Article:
More of Greece, Ancient and Modern

There is so much to see as you travel round Greece.


The tomb of Agamemnon on Panagista hill.

This bronze age tomb was built by the ancient Mycenaeans . This beehive design has a huge lintel weighing one hundred and twenty tons.

The archaelogical museum of Mycenae has a copy of the funeral mask of Agamennon, the original solid gold mask is in a museum in Athens. There are also many ceramics on show.


Mystras is a fortified town in the Taygetos mountains so its a steep walk up and down to see everything but its worth it.The palace of despots or Palataki Mansion belonged to the emperors second son.

The monastery of Perivleptos is built on the side of a cliff. It’s dedicated to the virgin Mary and is famous for its fourteenth century frescos. They are rare examples of Byzantine art.


Olympia is one of the most important sites as the birthplace of the Olympic games. They took place every four years from 776 BC to 393 AD.

The worship of Zeus was very important here so there are many remains around the site.

The Rion Antirion Bridge


The Greeks are very proud of this bridge, properly names the Charilaos Trikoupis bridge . It was finished in time for the 2004 Olympics . A long detour by road or a forty five minute ferry ride has been replaced by a five minute drive to cross the Gulf of Corinth. It has its own visitor centre where you can learn about its construction and watch a movie about it. The view from here is fabulous and it is an engineering marvel.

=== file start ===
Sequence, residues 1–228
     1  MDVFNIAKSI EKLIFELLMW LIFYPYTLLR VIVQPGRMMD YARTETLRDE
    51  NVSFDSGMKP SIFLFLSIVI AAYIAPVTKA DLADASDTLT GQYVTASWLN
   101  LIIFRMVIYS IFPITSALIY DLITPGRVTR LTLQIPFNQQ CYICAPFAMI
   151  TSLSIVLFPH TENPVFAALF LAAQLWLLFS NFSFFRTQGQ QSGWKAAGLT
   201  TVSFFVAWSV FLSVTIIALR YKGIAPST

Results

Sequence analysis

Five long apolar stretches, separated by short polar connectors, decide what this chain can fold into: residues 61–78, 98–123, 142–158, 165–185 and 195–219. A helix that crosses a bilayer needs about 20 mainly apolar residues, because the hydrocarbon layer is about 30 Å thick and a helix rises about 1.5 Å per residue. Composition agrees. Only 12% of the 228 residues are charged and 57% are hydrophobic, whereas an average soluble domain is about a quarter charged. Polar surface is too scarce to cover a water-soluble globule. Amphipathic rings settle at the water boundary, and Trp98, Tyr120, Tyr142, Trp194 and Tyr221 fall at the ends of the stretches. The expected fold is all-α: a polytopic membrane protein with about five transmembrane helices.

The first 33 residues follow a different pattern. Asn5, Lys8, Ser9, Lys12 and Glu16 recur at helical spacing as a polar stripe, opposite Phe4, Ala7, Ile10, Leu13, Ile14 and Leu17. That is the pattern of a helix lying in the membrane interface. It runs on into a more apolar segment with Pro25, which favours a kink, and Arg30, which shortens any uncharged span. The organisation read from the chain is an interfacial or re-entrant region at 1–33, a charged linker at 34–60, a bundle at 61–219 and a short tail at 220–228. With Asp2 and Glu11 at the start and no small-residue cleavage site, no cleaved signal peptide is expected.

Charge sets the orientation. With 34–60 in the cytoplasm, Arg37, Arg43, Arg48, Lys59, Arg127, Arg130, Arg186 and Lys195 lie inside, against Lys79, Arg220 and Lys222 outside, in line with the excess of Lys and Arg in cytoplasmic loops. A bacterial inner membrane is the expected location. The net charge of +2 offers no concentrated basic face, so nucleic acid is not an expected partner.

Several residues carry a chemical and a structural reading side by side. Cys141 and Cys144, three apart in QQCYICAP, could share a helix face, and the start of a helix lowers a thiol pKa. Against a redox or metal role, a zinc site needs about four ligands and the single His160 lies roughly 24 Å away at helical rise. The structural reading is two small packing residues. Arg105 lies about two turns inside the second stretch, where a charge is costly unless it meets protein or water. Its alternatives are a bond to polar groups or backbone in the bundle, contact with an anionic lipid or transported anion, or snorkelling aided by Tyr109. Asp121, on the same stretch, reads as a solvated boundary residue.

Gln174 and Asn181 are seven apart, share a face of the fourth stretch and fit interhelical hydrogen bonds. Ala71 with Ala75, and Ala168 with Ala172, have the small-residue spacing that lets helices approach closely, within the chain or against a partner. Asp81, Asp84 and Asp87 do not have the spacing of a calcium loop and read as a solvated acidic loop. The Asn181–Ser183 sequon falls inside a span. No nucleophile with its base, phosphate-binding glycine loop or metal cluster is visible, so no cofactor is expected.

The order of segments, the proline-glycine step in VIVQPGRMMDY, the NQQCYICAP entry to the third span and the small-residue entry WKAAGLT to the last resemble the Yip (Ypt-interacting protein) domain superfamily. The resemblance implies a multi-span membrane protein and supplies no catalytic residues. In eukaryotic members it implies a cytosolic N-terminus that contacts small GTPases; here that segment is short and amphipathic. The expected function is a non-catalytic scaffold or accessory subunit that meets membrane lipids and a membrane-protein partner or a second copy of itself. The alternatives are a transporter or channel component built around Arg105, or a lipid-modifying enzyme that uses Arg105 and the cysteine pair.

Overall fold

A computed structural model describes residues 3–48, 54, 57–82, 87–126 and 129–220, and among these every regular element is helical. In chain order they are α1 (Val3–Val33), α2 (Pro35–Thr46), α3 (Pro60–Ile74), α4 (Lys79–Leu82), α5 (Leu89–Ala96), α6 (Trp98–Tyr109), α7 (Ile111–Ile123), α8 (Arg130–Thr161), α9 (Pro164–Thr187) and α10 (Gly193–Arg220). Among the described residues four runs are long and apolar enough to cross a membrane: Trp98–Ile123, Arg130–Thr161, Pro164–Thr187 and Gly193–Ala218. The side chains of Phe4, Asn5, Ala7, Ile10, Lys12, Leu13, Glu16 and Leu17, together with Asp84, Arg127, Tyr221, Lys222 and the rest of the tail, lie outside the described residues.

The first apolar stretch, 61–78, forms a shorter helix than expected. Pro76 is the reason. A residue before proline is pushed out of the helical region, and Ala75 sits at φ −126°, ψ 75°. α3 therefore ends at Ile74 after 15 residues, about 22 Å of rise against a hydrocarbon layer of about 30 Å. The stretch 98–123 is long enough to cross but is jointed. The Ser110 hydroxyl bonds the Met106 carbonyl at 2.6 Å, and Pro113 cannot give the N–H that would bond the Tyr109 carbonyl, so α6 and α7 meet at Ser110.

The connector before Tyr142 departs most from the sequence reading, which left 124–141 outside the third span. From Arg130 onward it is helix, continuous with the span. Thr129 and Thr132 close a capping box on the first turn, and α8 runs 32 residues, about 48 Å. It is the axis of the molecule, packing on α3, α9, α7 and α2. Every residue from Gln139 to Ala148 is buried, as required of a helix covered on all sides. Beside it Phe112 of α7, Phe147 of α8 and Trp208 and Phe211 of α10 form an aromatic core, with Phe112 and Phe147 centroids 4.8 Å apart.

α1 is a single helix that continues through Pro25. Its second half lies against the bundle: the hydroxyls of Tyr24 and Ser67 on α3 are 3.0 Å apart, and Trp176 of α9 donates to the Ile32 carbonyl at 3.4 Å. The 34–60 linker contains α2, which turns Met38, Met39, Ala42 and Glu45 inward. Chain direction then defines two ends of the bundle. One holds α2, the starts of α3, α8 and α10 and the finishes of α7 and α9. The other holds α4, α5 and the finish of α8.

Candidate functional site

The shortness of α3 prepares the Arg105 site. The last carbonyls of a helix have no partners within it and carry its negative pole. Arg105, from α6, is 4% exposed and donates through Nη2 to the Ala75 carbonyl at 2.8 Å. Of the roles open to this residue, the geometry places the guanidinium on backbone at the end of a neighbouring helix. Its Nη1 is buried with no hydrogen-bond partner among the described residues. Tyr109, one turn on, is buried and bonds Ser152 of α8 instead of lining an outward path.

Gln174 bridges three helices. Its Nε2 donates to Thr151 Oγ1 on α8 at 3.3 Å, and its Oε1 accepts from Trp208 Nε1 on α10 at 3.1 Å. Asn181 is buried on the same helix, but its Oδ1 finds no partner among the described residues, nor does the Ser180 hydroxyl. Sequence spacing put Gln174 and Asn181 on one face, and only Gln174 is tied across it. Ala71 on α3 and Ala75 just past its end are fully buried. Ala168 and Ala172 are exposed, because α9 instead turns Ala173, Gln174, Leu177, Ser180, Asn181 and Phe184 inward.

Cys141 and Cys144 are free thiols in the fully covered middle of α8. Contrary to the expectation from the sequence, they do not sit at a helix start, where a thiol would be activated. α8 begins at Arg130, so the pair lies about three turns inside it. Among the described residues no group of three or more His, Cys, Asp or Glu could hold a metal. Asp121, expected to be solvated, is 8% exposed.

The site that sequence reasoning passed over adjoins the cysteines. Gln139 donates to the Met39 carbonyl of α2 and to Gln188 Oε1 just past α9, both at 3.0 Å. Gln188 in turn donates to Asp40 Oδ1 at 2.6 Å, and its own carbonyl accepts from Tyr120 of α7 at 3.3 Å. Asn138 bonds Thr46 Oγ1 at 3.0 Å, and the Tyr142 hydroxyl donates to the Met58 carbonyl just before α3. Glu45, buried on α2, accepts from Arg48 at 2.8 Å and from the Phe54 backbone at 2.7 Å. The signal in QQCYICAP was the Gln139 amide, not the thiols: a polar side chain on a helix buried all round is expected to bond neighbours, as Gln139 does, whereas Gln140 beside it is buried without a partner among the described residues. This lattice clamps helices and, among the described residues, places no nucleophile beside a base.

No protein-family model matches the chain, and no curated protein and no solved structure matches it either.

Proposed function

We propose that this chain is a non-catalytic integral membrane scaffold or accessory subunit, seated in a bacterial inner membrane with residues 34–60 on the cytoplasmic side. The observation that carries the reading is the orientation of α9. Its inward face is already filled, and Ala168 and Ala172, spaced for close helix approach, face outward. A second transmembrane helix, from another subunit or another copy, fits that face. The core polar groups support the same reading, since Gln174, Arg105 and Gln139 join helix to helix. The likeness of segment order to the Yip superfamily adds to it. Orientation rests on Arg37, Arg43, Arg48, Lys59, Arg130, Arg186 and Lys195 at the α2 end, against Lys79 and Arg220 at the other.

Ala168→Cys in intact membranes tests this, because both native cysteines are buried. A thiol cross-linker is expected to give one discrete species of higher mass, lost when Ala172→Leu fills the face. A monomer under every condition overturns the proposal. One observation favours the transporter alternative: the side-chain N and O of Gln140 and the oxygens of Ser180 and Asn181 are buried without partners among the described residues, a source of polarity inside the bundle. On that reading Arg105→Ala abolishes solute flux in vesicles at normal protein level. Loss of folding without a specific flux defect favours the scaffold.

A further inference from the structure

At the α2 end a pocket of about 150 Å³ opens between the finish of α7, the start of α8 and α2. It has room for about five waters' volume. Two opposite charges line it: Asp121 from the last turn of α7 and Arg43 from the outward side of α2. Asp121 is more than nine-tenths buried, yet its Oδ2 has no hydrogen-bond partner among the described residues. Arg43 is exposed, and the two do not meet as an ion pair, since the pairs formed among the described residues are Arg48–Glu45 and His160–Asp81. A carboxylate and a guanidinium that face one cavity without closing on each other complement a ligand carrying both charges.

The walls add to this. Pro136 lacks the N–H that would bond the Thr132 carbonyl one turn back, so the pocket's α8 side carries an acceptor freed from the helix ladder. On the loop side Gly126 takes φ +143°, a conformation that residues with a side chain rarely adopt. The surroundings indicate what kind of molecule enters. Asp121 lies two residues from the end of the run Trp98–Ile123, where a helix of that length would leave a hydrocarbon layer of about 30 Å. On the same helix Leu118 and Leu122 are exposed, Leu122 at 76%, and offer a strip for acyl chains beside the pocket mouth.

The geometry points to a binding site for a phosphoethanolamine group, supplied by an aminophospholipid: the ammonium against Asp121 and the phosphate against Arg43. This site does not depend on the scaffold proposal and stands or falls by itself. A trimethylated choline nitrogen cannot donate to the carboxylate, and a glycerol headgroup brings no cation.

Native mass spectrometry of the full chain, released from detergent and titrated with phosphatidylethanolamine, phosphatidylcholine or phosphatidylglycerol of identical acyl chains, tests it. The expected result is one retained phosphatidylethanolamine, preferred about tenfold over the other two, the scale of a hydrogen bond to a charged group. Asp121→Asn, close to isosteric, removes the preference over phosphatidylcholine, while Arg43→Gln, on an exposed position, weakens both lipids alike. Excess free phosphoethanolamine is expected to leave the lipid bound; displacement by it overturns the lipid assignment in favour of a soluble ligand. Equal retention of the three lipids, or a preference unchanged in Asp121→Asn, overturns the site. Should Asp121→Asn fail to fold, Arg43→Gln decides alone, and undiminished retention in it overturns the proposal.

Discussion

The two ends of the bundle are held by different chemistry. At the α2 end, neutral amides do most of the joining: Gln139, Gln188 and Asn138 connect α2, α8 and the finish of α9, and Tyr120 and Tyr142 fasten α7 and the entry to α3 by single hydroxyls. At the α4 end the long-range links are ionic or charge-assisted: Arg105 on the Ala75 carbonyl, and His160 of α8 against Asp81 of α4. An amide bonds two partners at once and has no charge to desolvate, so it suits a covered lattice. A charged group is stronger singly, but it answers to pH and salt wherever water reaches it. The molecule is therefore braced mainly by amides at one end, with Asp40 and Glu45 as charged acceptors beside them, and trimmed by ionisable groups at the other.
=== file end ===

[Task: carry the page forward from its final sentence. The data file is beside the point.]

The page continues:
The ancient Greeks considered Delphi the centre of the world. The temple of Apollo god of music, harmony and light. It was the home of the oracle who divined the future!

Tholos once had twenty Doric columns but now three have been restored.


The theatre has been rebuilt and restored many times.


The Monasteries of Meteora

Meteora means suspended in air. Hermit monks first settled here in the ninth century and the community gradually grew. The first monastery was founded in the fourteenth century on top of a rock called Stylos. Access was precariously by ladder. More monasteries were founded and at one time there were over twenty. A woman wasn’t allowed in until 1921 when the queen of Romania was allowed to visit. Nowadays this is mostly a tourist attraction and only six are still active. This is one of the most interesting and unusual tourist attractions we have visited, its worth the long drive.